On August 7, 2016, Kansas Secretary of State Scott Schwab arrived at Schlitterbahn Waterpark in Kansas City. He was hoping to enjoy a day of water slides and fun with his wife and four sons. Unfortunately, it would end up being one of the worst days of his life when his 10-year-old son Caleb lost his life while riding the park’s biggest attraction. Schlitterbahn, as well as two other companies that assisted in building the ride, were charged with second-degree murder and aggravated battery following the boy’s death. On Friday, Wyandotte County District Court Judge Robert Burns dismissed these charges, according to CNN.
Caleb and his brothers had been waiting with much anticipation to ride the Verruckt, noted in 2014 as the world’s largest waterslide. The word “verruckt” is German for “insane” and the ride was just that. Riders are seated in a raft that takes a massive drop from 17 stories high. At certain points, the ride reaches 65 mph and guarantees that passengers will leave soaking wet. The last thing Scott said to Caleb was “‘Brothers stick together,” to which Caleb responded, “I know, Dad.”
Caleb, weighing only 73 pounds, was in the front seat of Raft B. In the raft behind him were two sisters, Matraca Baetz and Hannah Barnes. Upon take off, Raft B went airborne causing it to smash into overhead hoops which held a security netting in place. In an instant, young Caleb was decapitated. To make it worse, his own family witnessed his tragic death. The sisters who were seated him survived but with serious injuries to their face and head. That would be the last time anyone would ride the Verruckt, according to Esquire.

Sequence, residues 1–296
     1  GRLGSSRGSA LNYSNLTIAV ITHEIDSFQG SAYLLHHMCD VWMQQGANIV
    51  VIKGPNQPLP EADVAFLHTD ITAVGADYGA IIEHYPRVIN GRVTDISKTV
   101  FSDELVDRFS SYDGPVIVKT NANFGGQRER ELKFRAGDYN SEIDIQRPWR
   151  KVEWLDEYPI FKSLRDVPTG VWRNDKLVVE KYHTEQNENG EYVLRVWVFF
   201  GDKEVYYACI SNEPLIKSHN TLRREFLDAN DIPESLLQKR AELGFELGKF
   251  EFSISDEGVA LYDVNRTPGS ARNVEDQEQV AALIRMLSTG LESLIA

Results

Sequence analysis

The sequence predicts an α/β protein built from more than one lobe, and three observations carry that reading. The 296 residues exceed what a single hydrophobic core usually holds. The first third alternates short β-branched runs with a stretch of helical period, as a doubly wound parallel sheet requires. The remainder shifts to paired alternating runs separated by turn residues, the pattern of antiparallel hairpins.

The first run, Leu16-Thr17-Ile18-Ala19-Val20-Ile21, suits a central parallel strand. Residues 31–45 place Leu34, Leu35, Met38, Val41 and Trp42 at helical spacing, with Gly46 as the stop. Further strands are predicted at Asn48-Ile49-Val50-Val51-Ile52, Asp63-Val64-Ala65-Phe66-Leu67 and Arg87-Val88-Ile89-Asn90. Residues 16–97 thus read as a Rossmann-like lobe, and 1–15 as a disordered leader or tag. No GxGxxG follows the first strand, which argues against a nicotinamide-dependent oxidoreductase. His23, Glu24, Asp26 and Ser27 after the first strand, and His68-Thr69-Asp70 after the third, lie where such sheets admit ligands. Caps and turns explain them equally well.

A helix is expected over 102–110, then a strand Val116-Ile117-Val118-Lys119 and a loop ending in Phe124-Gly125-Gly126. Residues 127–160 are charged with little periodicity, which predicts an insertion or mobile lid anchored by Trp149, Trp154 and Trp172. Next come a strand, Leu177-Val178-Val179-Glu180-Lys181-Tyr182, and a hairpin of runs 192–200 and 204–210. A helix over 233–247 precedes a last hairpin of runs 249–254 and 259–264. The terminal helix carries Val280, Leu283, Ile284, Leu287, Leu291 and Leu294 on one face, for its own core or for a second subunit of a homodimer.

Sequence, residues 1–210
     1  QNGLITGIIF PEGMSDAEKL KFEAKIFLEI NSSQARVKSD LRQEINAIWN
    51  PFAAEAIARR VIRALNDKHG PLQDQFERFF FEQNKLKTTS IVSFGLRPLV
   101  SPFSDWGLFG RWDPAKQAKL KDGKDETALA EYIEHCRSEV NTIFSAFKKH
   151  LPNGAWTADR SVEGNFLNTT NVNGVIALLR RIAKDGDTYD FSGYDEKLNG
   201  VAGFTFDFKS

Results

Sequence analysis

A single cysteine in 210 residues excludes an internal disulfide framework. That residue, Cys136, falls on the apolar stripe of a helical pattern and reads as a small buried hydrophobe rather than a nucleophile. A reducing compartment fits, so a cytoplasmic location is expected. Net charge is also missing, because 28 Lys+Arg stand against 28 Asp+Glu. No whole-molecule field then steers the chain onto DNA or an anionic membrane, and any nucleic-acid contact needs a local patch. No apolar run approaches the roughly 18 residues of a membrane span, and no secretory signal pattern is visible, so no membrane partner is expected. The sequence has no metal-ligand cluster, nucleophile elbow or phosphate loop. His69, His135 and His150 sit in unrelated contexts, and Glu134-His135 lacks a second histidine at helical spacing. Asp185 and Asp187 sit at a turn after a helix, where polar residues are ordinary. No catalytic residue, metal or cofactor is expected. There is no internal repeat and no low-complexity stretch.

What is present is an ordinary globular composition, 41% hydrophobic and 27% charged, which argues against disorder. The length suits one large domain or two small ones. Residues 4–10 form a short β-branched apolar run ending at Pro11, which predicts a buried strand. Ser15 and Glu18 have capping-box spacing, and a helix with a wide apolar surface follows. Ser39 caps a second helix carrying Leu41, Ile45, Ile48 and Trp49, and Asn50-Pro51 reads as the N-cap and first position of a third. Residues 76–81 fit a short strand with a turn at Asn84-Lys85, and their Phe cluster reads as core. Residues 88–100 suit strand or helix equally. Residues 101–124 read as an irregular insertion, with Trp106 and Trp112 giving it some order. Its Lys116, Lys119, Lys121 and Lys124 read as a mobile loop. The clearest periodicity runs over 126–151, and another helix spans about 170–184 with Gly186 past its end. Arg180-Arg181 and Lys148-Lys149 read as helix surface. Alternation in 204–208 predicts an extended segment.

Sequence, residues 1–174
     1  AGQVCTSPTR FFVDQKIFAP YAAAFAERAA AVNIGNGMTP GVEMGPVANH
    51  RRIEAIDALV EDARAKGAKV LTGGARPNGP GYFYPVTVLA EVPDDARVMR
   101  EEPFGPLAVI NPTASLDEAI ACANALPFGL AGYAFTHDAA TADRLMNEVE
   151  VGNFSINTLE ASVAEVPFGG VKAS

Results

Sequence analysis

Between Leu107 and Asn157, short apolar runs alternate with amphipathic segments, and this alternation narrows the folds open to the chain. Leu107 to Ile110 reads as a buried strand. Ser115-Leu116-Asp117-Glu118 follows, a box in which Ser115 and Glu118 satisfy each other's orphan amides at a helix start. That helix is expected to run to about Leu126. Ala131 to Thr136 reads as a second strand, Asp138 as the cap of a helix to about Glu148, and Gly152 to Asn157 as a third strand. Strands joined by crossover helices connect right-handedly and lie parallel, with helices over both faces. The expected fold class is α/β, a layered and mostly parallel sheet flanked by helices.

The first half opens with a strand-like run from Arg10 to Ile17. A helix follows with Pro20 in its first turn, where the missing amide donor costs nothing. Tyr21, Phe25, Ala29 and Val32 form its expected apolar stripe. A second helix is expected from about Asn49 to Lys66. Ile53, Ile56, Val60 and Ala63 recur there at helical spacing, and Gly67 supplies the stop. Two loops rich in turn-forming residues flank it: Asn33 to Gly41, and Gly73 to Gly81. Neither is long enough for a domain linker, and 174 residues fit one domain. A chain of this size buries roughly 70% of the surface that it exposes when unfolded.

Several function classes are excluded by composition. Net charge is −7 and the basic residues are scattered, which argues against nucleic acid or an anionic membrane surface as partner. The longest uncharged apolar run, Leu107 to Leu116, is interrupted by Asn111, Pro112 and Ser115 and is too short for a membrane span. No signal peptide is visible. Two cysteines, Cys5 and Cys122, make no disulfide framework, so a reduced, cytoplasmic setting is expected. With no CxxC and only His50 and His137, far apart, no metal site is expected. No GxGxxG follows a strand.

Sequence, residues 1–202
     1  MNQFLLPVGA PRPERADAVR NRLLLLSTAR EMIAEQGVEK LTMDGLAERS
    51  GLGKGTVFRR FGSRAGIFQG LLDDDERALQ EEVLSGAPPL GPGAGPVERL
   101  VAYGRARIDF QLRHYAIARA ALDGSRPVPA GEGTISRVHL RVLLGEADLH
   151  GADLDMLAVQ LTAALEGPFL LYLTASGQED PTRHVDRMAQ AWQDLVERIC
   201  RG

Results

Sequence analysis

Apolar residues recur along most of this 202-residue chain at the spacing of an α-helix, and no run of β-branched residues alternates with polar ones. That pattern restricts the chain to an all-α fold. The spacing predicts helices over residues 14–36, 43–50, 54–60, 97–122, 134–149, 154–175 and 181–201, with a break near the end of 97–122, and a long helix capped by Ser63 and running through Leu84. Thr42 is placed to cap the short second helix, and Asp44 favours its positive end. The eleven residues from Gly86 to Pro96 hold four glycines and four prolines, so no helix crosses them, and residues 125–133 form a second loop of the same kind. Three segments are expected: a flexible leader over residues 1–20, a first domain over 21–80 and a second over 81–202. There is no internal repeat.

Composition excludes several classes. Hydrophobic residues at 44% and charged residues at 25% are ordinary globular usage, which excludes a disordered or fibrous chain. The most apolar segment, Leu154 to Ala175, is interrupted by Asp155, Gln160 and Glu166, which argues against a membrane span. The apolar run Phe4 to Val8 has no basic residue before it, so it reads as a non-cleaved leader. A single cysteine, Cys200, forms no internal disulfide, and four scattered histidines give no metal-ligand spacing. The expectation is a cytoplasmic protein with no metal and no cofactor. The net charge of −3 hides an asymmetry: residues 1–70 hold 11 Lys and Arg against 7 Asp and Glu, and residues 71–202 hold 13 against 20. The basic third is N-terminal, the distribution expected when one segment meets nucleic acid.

In the months following the boy’s death, his distraught family went after the water park, its manager, as well as anyone associated with the ride who had failed to notify authorities of potential safety issues. The particular raft Caleb had been on had been a “propensity for going abnormally fast and going airborne more frequently than other rafts,” according to an indictment that would be filed following the incident.
The family eventually formed a settlement with the waterpark and the companies associated with it for nearly $20 million. Of course, no sum of money will bring their son back to them, but the Schwabs are most concerned that no other innocent person will be injured at the waterpark.
Kansas Attorney General Derek Schmidt is disappointed by Friday’s ruling and will be seeking out further charges. He said that the state will “take a fresh look at the evidence and applicable law in this tragic and troubling case to determine the best course forward.”